Ethics: Goldman Sachs

3300 WordsFeb 6, 201314 Pages
“Goldman Sharks Swimming in Grey Water” Don Tram Joel Valenti Marcio Vandik Christine Vanstrom March 29th, 2012 Executive Summary Goldman Sachs, founded by German immigrants, began as a small humble business looking to succeed. Over time their business strategy changed and they entered into ethical and legal issues they had not encountered before. In the late 1920s Goldman Sachs began maliciously investing in companies to drive their demand. They coined this term “laddering” from overleveraging them selves and putting the market at risk. Their actions created the bubble that burst in the stock market crash of 1929. Furthermore, Goldman Sachs engaged in “trading huddles”. Only their preferred customers where chose to…show more content…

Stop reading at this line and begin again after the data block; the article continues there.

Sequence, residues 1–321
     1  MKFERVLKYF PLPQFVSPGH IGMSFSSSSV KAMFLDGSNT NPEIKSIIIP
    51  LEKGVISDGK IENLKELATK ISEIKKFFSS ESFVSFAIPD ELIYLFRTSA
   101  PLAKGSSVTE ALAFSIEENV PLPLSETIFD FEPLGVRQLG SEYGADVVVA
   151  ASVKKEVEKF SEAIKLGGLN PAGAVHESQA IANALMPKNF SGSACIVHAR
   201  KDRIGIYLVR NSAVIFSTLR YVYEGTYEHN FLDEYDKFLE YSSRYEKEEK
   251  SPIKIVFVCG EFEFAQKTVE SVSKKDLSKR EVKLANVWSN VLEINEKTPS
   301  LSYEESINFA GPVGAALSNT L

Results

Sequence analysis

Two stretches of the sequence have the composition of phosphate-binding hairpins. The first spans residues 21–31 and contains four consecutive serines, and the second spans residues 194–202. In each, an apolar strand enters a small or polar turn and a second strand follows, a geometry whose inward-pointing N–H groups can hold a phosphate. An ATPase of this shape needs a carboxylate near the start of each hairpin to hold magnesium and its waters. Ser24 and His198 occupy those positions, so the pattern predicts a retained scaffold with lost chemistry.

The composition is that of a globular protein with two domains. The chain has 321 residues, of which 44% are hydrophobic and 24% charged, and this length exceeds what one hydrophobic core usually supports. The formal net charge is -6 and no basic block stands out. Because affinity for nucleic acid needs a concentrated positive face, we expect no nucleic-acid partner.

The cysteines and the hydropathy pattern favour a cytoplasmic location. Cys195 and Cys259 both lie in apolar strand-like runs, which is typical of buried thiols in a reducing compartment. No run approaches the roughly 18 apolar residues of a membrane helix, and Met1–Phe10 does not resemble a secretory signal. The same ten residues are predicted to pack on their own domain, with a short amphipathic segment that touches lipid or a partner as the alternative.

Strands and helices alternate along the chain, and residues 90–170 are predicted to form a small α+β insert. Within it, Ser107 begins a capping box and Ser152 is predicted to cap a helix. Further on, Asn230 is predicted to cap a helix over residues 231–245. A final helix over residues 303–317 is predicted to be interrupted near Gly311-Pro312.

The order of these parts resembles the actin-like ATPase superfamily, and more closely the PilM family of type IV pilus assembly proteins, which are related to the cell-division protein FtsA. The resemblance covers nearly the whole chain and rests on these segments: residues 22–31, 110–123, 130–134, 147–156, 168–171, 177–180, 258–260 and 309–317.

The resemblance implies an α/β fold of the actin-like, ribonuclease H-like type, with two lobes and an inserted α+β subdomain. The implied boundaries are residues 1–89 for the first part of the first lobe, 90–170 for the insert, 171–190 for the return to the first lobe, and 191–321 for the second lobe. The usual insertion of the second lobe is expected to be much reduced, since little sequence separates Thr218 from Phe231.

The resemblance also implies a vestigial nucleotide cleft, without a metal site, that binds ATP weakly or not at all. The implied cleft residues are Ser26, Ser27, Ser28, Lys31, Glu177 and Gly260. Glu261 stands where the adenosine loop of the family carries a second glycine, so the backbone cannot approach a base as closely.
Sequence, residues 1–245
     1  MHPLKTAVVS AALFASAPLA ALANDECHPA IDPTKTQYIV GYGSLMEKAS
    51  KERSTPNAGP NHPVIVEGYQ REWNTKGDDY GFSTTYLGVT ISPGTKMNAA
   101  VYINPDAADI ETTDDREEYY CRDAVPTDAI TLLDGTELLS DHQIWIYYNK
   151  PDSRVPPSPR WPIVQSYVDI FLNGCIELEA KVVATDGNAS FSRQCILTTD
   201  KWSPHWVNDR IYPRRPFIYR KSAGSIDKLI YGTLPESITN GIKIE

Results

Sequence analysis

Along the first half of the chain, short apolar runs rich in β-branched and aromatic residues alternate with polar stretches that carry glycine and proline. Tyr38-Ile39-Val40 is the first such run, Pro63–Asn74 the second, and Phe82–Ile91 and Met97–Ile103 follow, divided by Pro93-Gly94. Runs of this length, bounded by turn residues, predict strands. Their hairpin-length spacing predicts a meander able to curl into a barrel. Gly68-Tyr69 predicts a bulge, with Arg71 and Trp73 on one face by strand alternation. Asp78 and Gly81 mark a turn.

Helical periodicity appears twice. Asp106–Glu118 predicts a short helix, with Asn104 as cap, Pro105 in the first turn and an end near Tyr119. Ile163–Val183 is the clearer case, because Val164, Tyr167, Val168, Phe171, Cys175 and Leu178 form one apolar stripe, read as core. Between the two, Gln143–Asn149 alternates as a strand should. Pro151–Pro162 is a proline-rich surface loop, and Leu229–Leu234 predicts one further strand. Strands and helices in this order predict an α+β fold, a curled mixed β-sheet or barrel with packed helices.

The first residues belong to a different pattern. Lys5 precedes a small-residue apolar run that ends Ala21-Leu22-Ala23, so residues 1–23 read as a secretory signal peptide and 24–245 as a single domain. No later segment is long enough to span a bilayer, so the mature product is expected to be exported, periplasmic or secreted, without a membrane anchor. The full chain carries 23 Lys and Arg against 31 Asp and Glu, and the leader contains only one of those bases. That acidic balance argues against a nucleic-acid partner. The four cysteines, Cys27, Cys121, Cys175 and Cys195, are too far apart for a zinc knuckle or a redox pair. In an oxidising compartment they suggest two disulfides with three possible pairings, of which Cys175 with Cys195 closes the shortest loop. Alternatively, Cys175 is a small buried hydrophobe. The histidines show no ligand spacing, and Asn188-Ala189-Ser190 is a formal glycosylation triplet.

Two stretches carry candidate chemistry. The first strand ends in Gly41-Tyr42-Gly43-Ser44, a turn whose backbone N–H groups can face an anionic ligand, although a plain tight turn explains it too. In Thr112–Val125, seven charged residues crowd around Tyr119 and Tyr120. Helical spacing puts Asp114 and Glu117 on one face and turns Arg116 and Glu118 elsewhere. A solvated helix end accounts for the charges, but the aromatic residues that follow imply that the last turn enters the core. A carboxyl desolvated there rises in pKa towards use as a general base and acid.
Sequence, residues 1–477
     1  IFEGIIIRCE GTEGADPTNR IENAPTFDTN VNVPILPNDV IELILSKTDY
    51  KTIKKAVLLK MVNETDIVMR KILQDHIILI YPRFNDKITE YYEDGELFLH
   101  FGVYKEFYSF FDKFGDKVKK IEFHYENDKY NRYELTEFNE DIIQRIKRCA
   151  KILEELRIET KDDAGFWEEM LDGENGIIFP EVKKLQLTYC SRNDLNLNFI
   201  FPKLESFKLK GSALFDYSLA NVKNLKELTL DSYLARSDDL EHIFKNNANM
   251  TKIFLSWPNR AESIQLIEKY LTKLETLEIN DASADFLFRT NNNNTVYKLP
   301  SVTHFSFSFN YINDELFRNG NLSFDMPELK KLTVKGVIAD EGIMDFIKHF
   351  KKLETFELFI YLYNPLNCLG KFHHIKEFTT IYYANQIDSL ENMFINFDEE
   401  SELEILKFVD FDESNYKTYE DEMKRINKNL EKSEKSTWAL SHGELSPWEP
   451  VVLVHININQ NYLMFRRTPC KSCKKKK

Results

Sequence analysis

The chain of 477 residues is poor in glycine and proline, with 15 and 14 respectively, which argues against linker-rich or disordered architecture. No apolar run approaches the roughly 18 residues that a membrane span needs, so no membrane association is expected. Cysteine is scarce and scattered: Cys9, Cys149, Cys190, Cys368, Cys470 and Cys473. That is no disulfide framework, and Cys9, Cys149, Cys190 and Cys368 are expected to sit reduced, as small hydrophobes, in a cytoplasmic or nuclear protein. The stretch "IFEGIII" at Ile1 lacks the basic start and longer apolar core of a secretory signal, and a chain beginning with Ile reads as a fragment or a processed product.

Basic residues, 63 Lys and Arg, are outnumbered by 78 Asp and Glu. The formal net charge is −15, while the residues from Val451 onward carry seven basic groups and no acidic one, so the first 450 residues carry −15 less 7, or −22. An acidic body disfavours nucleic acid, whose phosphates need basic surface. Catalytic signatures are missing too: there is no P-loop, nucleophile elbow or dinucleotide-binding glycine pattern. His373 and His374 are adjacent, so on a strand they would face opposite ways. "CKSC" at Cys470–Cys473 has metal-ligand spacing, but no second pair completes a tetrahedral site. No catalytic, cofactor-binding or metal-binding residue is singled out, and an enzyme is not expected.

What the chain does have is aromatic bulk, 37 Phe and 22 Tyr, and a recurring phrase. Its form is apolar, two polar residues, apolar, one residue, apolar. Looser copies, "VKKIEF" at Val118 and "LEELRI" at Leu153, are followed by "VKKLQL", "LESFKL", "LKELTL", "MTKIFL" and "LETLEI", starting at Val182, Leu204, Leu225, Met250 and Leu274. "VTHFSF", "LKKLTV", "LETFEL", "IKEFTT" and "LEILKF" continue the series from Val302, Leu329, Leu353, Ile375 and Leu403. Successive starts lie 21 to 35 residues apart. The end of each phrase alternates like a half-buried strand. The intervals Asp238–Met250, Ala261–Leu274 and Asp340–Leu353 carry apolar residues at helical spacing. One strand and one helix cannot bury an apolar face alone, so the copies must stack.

Goldman clearly attempted to induce, or induced, certain clients to bid for or purchase offered securities in the aftermarket through its laddering practices, which clearly violates Rule 101 of Regulation M. Goldman agreed to settle with the SEC by paying a fine of $40 million without admitting or denying the allegations (SEC). Some of the unethical practices present in Goldman’s laddering activities were: * Misrepresentation- Goldman inflated the price of the IPO shares consciously through the manufactured demand and the price of the shares were misrepresented. * Lying- Goldman Sachs lied to some of its best clients and had them pay higher price than the initial price under the laddered IPOs. * Violating Rules – Clearly making money from laddering is a violation of rules and therefore Goldman paid a heavy fine when they were caught engaging in this illegal practice Collateralized Debt In order to understand Goldman’s involvement in CDO’s it is pertinent to explain the security. Collateralized debt is simply an Asset-Backed Security, which means that there is a physical asset backing the security under contract. For example, a house serves as collateral for a mortgage and the bank has the right to
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